London Councils has welcomed new research from Crisis and The Joseph Rowntree Foundation highlighting public support for increased government investment in housing benefit.
The public opinion research – released to coincide with World Homeless Day – shows 75% of respondents across the UK agree housing benefit should increase if rents go up.
London Councils has previously warned that the government’s policy of freezing Local Housing Allowance (LHA) levels while rents increased was significantly reducing the number of homes affordable to the 200,000 low-income London households receiving the housing benefit. The umbrella group’s analysis showed only between 0 and 15% of private sector rents across the capital were affordable on LHA rates and almost half of London claimants did not receive enough housing benefit to cover their rent.
Cllr Muhammed Butt, London Councils’ Executive member for welfare, empowerment and inclusion, said:
“The LHA freeze is a counterproductive policy that is driving up homelessness rates in the capital.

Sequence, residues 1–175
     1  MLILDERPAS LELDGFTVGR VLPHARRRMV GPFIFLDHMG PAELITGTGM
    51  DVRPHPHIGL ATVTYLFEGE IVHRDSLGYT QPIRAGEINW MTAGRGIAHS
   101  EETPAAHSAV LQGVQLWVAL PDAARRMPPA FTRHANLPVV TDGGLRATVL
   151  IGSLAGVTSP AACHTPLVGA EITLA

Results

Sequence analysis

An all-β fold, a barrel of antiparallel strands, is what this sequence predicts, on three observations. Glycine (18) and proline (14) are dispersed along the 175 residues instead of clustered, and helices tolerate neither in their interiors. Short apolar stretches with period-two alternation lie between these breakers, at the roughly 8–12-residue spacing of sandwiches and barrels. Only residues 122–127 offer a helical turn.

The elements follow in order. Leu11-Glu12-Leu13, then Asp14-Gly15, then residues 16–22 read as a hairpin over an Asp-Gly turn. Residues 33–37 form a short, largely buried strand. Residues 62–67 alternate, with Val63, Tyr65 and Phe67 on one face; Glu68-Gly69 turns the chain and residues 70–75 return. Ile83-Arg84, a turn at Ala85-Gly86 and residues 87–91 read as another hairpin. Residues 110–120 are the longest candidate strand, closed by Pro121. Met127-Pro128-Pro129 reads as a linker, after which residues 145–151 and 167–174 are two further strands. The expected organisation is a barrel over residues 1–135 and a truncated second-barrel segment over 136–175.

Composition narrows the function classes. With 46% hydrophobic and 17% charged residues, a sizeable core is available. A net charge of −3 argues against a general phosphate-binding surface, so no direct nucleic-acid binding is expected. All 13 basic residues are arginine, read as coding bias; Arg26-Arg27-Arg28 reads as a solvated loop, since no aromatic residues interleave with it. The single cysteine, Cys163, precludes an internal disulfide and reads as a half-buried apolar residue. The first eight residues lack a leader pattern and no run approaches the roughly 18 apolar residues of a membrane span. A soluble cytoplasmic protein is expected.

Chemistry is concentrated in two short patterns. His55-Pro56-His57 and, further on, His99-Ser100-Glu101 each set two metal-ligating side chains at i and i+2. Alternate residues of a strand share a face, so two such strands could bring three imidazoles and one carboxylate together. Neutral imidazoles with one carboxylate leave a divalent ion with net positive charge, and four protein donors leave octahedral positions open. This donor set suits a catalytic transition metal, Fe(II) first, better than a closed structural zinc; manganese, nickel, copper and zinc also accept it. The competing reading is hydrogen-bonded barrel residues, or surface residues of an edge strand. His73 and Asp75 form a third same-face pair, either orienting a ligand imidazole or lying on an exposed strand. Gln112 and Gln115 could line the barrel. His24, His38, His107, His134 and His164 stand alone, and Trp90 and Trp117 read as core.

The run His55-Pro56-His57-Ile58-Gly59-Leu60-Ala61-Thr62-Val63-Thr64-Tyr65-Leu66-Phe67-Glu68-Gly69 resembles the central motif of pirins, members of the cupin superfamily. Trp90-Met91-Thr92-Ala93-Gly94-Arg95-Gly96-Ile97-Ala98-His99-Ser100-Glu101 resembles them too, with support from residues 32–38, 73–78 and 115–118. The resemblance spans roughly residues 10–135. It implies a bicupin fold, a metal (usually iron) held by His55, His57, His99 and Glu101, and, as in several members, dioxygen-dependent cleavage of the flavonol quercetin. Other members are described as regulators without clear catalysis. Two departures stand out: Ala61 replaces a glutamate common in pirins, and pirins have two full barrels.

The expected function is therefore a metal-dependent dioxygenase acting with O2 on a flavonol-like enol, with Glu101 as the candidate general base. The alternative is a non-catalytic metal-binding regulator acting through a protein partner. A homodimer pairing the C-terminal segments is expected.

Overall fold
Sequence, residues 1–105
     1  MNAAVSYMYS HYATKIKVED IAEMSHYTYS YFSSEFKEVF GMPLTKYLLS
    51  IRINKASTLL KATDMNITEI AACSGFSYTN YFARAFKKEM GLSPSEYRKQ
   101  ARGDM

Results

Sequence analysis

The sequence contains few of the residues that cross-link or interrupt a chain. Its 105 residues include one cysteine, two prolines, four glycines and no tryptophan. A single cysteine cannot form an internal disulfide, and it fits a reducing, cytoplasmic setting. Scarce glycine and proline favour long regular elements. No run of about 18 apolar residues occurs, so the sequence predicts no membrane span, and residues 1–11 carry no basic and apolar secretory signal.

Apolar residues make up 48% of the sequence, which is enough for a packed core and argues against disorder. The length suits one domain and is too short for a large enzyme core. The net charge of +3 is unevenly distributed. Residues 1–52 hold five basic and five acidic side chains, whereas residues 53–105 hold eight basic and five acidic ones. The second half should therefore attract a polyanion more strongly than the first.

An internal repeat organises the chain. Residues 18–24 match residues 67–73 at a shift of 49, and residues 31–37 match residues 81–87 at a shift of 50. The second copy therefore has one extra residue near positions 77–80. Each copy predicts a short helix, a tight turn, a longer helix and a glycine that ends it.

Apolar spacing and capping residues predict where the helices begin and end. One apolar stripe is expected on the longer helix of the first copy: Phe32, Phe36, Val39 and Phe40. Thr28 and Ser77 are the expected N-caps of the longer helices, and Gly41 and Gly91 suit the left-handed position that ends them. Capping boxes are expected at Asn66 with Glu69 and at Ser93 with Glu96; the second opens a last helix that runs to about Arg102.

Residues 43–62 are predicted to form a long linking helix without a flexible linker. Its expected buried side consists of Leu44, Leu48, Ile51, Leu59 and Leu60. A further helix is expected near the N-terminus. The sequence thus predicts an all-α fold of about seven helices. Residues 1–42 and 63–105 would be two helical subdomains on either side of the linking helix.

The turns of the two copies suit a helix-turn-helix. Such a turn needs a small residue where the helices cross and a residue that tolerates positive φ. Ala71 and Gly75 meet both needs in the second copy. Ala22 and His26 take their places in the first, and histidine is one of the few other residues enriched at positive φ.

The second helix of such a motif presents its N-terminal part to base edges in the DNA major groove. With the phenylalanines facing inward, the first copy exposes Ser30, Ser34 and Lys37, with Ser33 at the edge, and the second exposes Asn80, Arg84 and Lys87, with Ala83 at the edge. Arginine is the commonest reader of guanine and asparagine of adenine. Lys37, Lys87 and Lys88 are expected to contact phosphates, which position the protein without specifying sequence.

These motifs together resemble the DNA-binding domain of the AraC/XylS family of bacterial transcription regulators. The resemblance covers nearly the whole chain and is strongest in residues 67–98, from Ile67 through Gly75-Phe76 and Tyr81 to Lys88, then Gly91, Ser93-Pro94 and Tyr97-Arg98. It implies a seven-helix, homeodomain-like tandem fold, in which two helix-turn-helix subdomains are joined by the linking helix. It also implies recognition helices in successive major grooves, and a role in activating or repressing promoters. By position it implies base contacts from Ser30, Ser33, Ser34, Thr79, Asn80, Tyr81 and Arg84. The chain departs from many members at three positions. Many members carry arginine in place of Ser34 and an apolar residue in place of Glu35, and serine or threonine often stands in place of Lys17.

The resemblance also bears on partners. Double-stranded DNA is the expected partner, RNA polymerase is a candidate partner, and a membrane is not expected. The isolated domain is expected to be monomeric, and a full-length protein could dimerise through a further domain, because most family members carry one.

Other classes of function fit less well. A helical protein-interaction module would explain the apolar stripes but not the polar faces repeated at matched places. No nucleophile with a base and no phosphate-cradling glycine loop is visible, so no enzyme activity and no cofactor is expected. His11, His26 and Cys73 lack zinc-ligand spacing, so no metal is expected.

“This opinion poll research shows significant public support for boosting housing benefit. The public understand the importance of tackling homelessness – and that increased investment in housing benefit will pay dividends through reducing homelessness and its associated costs.
“As we mark World Homeless Day, the government must listen and take action on this crucial issue.”
People who are eligible for LHA receive it as part of their housing benefit or Universal Credit payment to cover their housing costs if they have a private landlord.
With a chronic shortage of social housing in the capital, many low-income Londoners depend on finding accommodation in London’s private rented sector. However, the government has introduced a series of changes to LHA since 2011, including a four-year freeze on LHA rates from April 2016, which has severely restricted the pool of properties affordable to London households who use the benefit to pay their rent.
London Councils is calling on the government to restore LHA levels so that claimants can afford at least the lowest 30% of local market rents. Boroughs believe this would help prevent homelessness for thousands of Londoners, while reducing the wider costs to the public sector that homelessness creates.